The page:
Here’s Why You Should Try Dragon Fruit (Plus How to Eat It)

Is dragon fruit good for you? You bet—and your taste buds will enjoy it as much as the rest of your body will. Discover how to tell if a dragon fruit is ripe, plus how to cut dragon fruit and how to eat a dragon fruit so you can enjoy this showy fruit at its sweet and juicy best.

Even if you've never had dragon fruit, chances are, you've at least seen the eye-catching produce pick in a supermarket or part of a fruit salad. Hard to miss and totally unique, this tropical fruit is available as purple dragon fruit, red dragon fruit, or white dragon fruit on the inside. Regardless of the flesh color, it's always spiked with tiny black seeds (which are completely edible as well) and surrounded by either a vibrant hot pink, green-spiked skin (which should not be consumed) or a yellow dragon fruit skin.

So now that you know how to spot a dragon fruit, let's dive into dragon fruit benefits in terms of flavor and nutrition, how to cut a dragon fruit, and the most important part: how to eat dragon fruit. Ahead, is our complete guide to what is dragon fruit good for. You'll learn something new whether you've eaten dozens or zero before.

sliced dragon fruit
Rakratchada Torsap/EyeEm/Getty Images

What is Dragon Fruit, Exactly?

Also known as pitaya or strawberry pear, dragon fruit is an oval-shaped, vibrantly-colored tropical fruit that grows on a family of cacti called Hylocereus. Its sweet and creamy-yet-crunchy flesh can be scooped out from the inedible skin and snacked on as-is or incorporated into a variety of dragon fruit recipes. (More on this below.) Dragon fruit is native to Central America, but now ripe dragon fruit is grown, harvested, and enjoyed worldwide.

You can probably guess where the "dragon" part of the nickname comes from the pointy scales that pop up around the skin. The inside of ripe dragon fruit, however, is beautifully sweet and similar in texture to kiwi flesh.

So what does dragon fruit taste like? Somewhat akin to a mash-up of a kiwi, a pear, and a watermelon. Translation: Very delicious.

Dragon Fruit Varieties

Keep your eye out for the four main varieties of dragon fruit.

  • Pink skin with white flesh (Hylocereus undatus): The most common and least sweet style, this may be sold under names including Alice, Cosmic Charlie, David Bowie, Guyute, Harpua, L.A. Woman, Neitzel, Seoul Kitchen, Thomson, and Vietnamese Jaina.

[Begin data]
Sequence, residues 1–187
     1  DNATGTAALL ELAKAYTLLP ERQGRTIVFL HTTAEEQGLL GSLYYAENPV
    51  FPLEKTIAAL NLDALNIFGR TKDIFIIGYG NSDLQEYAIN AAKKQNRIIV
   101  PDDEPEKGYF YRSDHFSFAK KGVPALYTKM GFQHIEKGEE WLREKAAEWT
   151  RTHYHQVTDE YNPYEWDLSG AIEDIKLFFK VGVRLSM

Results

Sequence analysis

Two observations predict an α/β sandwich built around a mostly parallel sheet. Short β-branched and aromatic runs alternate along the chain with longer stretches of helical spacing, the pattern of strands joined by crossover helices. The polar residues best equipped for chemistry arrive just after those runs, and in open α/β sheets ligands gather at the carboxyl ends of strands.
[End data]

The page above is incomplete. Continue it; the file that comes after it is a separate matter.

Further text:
• Pink skin with red or pink flesh (Hylocereus polyrhizus): Longer and sweeter than the white flesh kind, this dragon fruit might be located near signs reading Bloody Mary, Red Jaina, Voodoo Child, and Zamorano.
  • Pink skin with purple flesh (Hylocereus guatemalensis): This stunning style is also sold as "American Beauty."
  • Yellow skin with white flesh (Selenicereus megalanthus): The smallest and sweetest of the bunch, these are hardest to find—but worth seeking out.

When is Dragon Fruit in Season?

June through September is prime time for fresh, ripe dragon fruit, according to the Agricultural Marketing Resource Center. Most varieties can be found at their best in August and September, although the yellow-skinned, white-fleshed variety can be found occasionally during winter (mainly November through February). It should be bright, evenly colored, and give just a little to the touch—just like a fresh peach.

Dragon Fruit Health Benefits

Dragon fruit is a good source of gut-healthy fiber, a solid dose of immune-supporting vitamin C, sleep-promoting magnesium, and is one of the few plant sources of iron—among other vitamins, minerals, and a good dose of hydration. (This, like many fruits, is mostly water.)

According to the USDA's FoodData Central database, a 3 ½-ounce serving of dragon fruit delivers:

  • 60 calories
  • 0 g fat
  • 1 g protein
  • 13 g carbs
  • 3 g fiber
  • 8 g sugar
  • 3% of your daily vitamin C needs
  • 4 % of your daily iron needs
  • 10 % of your daily magnesium needs

How to Cut Dragon Fruit

Much like other fruits (see: avocado, apples), dragon fruit is best to buy whole and slice when you're ready to enjoy them. Store them on the counter until cutting, then transfer any leftover sliced, ripe dragon fruit to an airtight container and refrigerate for up to 1 day. Once it starts to brown or seem too mushy, compost or toss it.

When you're ready to master how to cut dragon fruit, it's actually quite easy. Round up a cutting board and a sharp knife. Slice the fruit down the middle, stem to root, to create two halves. Then, using a spoon, trace it around the inside of the skin to carve out the flesh from the inedible skin. Flip the flesh half onto the cutting board, peek for any skin that's hanging on, and remove it if there. Otherwise, cube or slice the flesh to enjoy plain or utilize in one of the dragon fruit recipes below. For a unique presentation style, you can also use a melon baller to create round pieces to pop into your mouth or toss into a fruit salad.

How to Eat Dragon Fruit

Now for the most fun part: how to eat dragon fruit! It's most often served raw, but can definitely be featured in grilled fruit recipes.

Try raw, ripe dragon fruit as part of a:

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